Gardening takes skill that seems to skip a generation | Opinion

Every spring, when I was a child, my parents would plant a vegetable garden.

We would plant tomatoes, pumpkins, carrots and my personal favorite — sugar snap peas.

While my dad turned the soil and did all the “heavy lifting,” my job was to plant the seeds in perfect rows.

Throughout the spring and summer, we would enjoy our vegetables and tend to the garden.

Most years, the garden flourished.

Since those childhood years, I have learned one thing. Those gardens didn’t flourish due to my green thumb.

In fact, I think my thumb is brown. On several occasions in my adult, life I have attempted to garden, with nothing but failure.

Plants don’t survive in my care.

So this week when I learned the Coupeville Community Garden was preparing for a May 1 opening, I was a little envious.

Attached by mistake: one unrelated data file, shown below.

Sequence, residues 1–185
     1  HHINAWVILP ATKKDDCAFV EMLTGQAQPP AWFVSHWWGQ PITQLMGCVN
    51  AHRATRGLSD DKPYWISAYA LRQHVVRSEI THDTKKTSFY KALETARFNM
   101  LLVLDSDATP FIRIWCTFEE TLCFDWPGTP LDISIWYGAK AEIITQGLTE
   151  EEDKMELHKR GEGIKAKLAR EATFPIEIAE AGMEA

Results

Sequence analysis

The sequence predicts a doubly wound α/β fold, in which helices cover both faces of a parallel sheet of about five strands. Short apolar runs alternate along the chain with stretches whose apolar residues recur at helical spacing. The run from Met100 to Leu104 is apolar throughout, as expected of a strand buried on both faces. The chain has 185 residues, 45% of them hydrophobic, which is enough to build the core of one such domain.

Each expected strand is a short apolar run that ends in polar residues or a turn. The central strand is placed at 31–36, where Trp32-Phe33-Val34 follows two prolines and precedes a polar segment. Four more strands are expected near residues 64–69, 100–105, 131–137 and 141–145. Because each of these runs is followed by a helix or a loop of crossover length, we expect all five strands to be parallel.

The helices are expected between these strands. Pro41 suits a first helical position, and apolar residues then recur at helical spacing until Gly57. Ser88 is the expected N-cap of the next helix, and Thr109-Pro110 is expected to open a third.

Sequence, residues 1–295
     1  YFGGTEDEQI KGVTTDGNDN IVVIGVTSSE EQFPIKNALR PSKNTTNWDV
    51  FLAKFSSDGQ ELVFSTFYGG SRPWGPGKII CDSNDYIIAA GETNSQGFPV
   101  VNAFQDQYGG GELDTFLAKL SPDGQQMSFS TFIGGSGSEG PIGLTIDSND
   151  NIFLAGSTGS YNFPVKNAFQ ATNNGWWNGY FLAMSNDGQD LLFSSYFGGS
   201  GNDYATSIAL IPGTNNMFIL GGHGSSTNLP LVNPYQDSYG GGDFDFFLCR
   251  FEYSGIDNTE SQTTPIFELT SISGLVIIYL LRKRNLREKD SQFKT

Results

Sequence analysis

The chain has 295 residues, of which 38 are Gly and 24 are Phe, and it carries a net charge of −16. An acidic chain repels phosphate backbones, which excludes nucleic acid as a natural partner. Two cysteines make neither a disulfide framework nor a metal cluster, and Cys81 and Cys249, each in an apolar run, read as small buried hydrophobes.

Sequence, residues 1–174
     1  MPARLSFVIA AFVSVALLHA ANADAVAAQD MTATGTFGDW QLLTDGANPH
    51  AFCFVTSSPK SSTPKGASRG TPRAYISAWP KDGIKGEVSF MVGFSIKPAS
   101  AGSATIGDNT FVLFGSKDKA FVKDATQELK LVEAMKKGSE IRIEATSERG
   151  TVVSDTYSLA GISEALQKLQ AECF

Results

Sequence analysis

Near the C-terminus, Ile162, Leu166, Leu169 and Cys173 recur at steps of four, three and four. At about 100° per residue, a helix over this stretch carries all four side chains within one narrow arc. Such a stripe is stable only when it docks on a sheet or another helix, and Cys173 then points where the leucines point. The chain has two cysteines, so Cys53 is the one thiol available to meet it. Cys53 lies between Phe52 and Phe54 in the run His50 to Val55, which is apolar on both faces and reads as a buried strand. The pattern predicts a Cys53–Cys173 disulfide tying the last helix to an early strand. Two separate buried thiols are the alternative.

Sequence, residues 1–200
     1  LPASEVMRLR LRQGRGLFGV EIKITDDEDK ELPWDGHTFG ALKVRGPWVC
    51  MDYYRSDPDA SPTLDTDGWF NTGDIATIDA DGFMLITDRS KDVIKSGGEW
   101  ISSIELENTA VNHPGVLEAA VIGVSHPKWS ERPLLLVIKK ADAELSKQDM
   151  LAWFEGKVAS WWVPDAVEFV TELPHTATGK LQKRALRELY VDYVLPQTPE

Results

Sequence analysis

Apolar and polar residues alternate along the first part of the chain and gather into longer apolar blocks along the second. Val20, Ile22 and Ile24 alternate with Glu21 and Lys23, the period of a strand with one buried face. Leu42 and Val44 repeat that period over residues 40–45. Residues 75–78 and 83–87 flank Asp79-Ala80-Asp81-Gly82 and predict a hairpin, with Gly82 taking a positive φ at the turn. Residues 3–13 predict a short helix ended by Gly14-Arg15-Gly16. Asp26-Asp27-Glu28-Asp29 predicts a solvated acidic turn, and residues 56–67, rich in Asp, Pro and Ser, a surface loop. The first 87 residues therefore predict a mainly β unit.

The Town of Coupeville started the garden four or five years ago after some people in the community raised the idea.

It was a town and Central Whidbey community effort, with local groups such as the Coupeville Garden Club and Central Whidbey Lions assisting.

Tools were donated, sheds were built and the community now has a public space for gardening.

Mayor Nancy Conard said the garden is for people who maybe don’t have the yard space at home, but would like to garden.

Gifts from the Heart even rents plots so patrons of the food bank can grow vegetables for themselves.

The cost is $30 per plot for the season and there are 60 plots available.

Conard said the garden usually doesn’t rent out every plot. She raised the idea that, if anyone wanted to grow vegetables for the food bank, she knows people who would sponsor the fee.

Gardening is a skill I don’t have, but it is definitely appreciated. And the Town of Coupeville providing this space for the community is definitely a great service.

Megan Hansen is co-Editor of The Whidbey Examiner. Reach her at mhansen@whidbeynewsgroup.com


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